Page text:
REWE's Camaro
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At this moment we didnt planned anything to burn some fresh rubber yet.

Posible locations are:
Dek Goes
Olau Vlissingen
Harbour Vlissingen-East

a form of motorsport that emphasizes safe, low-cost competition and active participation. An autocross is a timed competition where drivers navigate one at a time through a temporary course marked by traffic cones, rather than racing on a track with multiple other cars, as in road racing or oval racing. Autocross tends to place more emphasis on car handling and driver skill than on sheer horsepower, and events typically have many classes which allow almost any vehicle, from economy sedans to purpose-built vehicles, to compete. Speeds are slower in absolute terms when compared to other forms of motorsports, usually not exceeding highway speeds, but the activity level (measured in discrete turns per minute) can be higher than even Formula One due to the large number of elements packed into each course. Autocross courses are typically 40 to 70 seconds in length. In addition to being a national-level motorsport in its own right, autocrossing is a good way to learn skills that transfer to road racing, as drivers learn vehicle control and club ethics.

refers to a driving technique and to a motor sport where the driver intentionally skids the rear tires through turns, preserving vehicle control and a high exit speed. A car is said to be drifting when the rear slip angle is greater than the front slip angle prior to the corner apex, and the front wheels are pointing in the opposite direction to the turn (e.g. car is turning left, wheels are pointed right or vice versa), and the driver is controlling these factors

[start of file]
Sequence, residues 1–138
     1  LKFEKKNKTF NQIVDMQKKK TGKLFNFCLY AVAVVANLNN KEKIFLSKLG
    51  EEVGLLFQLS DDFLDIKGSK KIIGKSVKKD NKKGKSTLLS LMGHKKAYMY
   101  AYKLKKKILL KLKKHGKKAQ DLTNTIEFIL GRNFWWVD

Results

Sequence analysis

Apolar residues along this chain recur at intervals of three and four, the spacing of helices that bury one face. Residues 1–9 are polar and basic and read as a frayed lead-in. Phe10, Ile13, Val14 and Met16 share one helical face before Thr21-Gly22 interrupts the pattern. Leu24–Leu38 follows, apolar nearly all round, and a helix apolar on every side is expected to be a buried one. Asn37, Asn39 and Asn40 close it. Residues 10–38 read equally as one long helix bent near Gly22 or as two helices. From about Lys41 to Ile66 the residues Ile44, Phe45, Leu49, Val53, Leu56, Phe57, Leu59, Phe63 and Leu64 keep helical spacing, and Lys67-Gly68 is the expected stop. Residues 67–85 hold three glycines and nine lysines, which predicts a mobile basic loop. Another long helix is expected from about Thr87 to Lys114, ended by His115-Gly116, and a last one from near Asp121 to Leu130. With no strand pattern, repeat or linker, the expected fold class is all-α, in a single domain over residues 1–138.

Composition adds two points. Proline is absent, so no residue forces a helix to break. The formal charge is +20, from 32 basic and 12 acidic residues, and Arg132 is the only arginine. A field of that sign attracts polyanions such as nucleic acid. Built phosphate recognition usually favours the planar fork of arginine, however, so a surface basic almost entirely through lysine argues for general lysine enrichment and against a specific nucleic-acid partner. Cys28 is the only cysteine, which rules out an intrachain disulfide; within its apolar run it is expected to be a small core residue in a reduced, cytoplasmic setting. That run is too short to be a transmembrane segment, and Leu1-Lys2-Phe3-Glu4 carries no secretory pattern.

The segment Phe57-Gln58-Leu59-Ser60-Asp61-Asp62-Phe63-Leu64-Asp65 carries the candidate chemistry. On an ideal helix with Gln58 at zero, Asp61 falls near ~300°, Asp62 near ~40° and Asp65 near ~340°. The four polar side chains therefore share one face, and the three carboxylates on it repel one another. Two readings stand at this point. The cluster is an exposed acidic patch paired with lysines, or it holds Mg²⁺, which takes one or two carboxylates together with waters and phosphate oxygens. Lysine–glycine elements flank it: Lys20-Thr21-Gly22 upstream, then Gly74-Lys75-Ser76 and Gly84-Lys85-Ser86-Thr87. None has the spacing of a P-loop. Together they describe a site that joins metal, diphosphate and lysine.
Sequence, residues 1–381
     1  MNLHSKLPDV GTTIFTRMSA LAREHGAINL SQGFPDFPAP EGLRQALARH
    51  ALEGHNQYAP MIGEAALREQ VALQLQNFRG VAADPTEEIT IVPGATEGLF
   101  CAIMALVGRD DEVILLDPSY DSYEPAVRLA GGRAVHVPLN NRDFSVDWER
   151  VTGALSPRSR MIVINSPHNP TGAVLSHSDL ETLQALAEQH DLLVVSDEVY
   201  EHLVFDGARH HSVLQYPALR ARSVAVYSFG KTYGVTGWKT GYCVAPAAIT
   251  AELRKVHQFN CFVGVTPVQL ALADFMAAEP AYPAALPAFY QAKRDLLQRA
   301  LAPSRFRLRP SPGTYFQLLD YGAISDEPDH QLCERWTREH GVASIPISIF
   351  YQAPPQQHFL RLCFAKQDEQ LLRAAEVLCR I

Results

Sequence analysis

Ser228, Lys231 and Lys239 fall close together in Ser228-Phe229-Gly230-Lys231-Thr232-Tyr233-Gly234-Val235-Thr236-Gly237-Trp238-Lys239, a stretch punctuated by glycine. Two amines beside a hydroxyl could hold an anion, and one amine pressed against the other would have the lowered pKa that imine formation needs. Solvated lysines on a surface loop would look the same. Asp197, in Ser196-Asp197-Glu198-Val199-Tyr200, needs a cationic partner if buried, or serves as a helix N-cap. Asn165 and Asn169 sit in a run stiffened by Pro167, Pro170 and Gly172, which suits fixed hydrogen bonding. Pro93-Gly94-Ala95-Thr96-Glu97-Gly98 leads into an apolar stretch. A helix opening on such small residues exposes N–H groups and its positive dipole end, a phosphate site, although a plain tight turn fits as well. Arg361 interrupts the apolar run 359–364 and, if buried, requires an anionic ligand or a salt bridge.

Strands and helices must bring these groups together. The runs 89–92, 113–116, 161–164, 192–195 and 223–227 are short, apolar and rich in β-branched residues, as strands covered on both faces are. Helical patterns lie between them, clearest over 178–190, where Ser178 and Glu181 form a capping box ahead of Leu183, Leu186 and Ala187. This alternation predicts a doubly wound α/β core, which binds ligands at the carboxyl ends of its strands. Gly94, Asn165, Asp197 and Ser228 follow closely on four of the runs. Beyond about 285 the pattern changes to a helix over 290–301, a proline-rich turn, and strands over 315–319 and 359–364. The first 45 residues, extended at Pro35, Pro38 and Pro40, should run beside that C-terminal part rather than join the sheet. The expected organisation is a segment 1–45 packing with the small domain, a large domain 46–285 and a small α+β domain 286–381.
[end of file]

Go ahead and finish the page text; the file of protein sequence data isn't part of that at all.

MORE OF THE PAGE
In short, Gymkhana can be called a "technical autocross". Just like in a typical "Auto-X" drivers try to race around a series of cones as fast as they can in the shortest amount of time. However, in Gymkhana, the emphasis is on driver skill and car control. Skill and style are just as important - if not more so - than overall time. Gymkhana courses are set up to challenge all aspects of a driver and vehicle, not just speed. Some Gymkhanas will call for drivers to back up and "park" in a spot before they can run out and perform figure-eights around a series of cones. Other Gymkhanas will have very few cones or course markings - part of the challenge is remembering which cone to go to, when to go there, and what one should do upon arriving at said cone.
Thankfully, Gymkhana USA was simplified a bit; it was set up a bit like a "typical Auto-X" in that the course was clearly laid out, marked with plenty of cones and did not require any random back-tracking. For Gymkhana USA, drivers had to run two courses (which were mirror images of each other) chock-full of narrow right-angle turns, 540-degree loops and high-speed slaloms. Drivers were encouraged to drive as flamboyantly as possible, yet the course was kept narrow enough to keep everyone from trying to drift the whole thing. Hitting a cone gave drivers a +5 second penalty, so getting too tail-happy would hurt drivers more than it would help them. This narrower "drift-unfriendly" course gave the guys in front/all-wheel-drive vehicles a bit of a fighting chance and kept things pretty even.

The Gymkhana name comes from rodeo where cowgirls rip their horses around a short course made up of barrels and obstacles. A close automative relative is autocross which is basically very small circuit racing in a parking lot using a course made up of cones. Gymkhana adds an element of showiness and drifting to the event.

An automotive sport that takes place on an open field or parking lot and requires drivers to skillfully manouver their cars around a series of cones, Slaloms, 180 degree turns, 360 degree turns, figure eight turns or other obstacles using extreme acceleration, braking and drifting.
Similar to "autocross", Gymkhana courses are often very complex and memorizing the course is a significent part of achiving a fast time.

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